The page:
Business models must demonstrate how they deliver and sustain social impact in their target markets. Specifically, this means the number of households served by the product, service or a combination of both, improvements in people’s income, inclusivity of women, stimulation of market growth, and engagement of SMEs in the respective value chains in Central and Eastern Equatoria states. The specific focus must be made on gender inclusivity

    Companies should articulate their strategy to meet the following:

    • Include women and youth in the ownership and management of the organization.
    • Gender-inclusive practices in their operations (e.g., women-centered design).
    • Demonstrable benefits to women in terms of increased time availability for other activities, improved health, reduced drudgery and increased household budgets.
    • Women-led supply chains; demonstrate the possible engagement of women and youth as
      key actors within the supply chain and potential opportunities for such women-led products/ service supply activities to grow into SMEs.
    • Qualitative indicators around women and youth empowerment (e.g., ability to own assets;access to credit, use of existing women development structures to increase access to solar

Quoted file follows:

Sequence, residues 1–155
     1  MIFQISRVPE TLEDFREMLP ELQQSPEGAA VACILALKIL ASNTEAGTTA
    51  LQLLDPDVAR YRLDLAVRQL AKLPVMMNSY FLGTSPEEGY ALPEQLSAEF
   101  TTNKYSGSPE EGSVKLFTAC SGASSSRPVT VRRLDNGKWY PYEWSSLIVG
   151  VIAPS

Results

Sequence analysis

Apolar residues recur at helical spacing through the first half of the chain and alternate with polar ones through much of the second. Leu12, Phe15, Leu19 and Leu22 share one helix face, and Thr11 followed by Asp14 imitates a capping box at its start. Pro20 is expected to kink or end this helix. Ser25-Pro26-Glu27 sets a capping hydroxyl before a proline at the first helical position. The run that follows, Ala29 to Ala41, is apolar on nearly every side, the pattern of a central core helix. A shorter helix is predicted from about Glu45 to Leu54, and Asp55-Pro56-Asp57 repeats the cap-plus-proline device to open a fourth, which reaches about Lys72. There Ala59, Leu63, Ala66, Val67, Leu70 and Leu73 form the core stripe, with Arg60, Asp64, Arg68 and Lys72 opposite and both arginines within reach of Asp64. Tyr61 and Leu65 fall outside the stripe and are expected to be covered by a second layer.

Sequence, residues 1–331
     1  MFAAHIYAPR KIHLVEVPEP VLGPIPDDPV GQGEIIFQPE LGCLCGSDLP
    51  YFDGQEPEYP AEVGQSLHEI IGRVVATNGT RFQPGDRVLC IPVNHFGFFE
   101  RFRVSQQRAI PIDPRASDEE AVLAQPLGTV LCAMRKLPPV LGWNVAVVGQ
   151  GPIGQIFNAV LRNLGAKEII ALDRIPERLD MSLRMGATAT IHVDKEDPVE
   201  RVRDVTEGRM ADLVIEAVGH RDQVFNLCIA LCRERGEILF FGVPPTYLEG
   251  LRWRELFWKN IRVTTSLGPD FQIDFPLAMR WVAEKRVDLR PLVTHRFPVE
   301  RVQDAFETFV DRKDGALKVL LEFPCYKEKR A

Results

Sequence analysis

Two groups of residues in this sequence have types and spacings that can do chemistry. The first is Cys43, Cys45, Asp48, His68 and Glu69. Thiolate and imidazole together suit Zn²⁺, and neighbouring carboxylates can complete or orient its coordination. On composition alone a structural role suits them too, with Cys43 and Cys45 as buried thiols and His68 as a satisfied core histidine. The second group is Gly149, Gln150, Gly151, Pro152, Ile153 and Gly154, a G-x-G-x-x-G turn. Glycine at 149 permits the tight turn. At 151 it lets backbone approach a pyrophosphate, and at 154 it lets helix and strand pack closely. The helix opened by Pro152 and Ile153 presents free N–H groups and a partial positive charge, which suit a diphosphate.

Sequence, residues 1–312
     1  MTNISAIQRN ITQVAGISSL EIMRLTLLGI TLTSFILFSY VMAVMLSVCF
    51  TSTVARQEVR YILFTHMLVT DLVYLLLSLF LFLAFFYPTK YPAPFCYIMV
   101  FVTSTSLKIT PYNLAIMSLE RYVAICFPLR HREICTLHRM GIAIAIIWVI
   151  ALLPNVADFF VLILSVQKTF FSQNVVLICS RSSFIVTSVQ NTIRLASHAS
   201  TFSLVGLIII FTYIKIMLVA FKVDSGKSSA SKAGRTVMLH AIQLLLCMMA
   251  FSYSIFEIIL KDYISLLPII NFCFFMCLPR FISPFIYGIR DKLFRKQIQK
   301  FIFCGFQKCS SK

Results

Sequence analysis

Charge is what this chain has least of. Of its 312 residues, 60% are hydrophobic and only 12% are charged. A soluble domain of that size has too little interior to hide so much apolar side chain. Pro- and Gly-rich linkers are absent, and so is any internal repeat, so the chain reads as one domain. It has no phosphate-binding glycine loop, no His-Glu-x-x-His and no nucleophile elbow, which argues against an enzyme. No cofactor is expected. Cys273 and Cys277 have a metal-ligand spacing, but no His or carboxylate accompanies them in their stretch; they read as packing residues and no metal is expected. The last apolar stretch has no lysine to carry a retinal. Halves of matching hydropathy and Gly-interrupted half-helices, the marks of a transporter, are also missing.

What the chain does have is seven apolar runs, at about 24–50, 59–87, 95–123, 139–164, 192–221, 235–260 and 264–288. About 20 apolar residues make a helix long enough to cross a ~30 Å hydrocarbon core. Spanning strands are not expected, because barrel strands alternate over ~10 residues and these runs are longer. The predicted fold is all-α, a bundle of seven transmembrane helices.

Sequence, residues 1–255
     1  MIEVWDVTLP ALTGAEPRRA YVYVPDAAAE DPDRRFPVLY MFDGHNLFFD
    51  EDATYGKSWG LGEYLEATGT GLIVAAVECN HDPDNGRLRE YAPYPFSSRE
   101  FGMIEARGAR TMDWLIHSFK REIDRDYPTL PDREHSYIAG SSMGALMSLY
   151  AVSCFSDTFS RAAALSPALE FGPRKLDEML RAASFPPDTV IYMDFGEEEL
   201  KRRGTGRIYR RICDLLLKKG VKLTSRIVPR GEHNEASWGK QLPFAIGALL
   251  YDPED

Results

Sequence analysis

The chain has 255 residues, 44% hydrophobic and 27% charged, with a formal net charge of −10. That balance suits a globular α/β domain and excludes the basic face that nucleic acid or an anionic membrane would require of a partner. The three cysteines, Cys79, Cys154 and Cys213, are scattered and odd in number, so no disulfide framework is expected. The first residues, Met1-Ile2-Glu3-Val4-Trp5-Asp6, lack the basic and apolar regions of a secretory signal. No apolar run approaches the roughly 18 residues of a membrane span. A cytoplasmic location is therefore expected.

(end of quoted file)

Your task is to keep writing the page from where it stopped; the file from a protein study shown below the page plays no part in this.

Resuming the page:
home systems in the rural and peri-urban communities).
    • Demonstrate a clear end-user financing mechanism/strategy that enables target communities with low/irregular incomes to access improved climate-smart technology, practices, and services.
    • Projects must be environmentally friendly. Environmental impact assessments and mitigation
      measures approved by pertinent regulatory authorities must be obtained.
    • Throughout the funding life, companies must demonstrate that they promote sustainable development outcomes in their target communities and market.

    Progress in attaining the above will be measured through:

    • Number of farmers and groups accessing climate-smart agriculture technologies and
    • The volume of agricultural commodities bought from women in CAN$ or US$.
    • The volume of agricultural inputs sold to women in metric tons.
    • Number of women-focused eligible applicants expanding businesses
  • Type of support available

    The support package includes:

    • Business to business (B2B) matchmaking to promote the exchange of learnings and business
      interventions with a high social and economic development impact, particularly on rural and
      peri-urban women.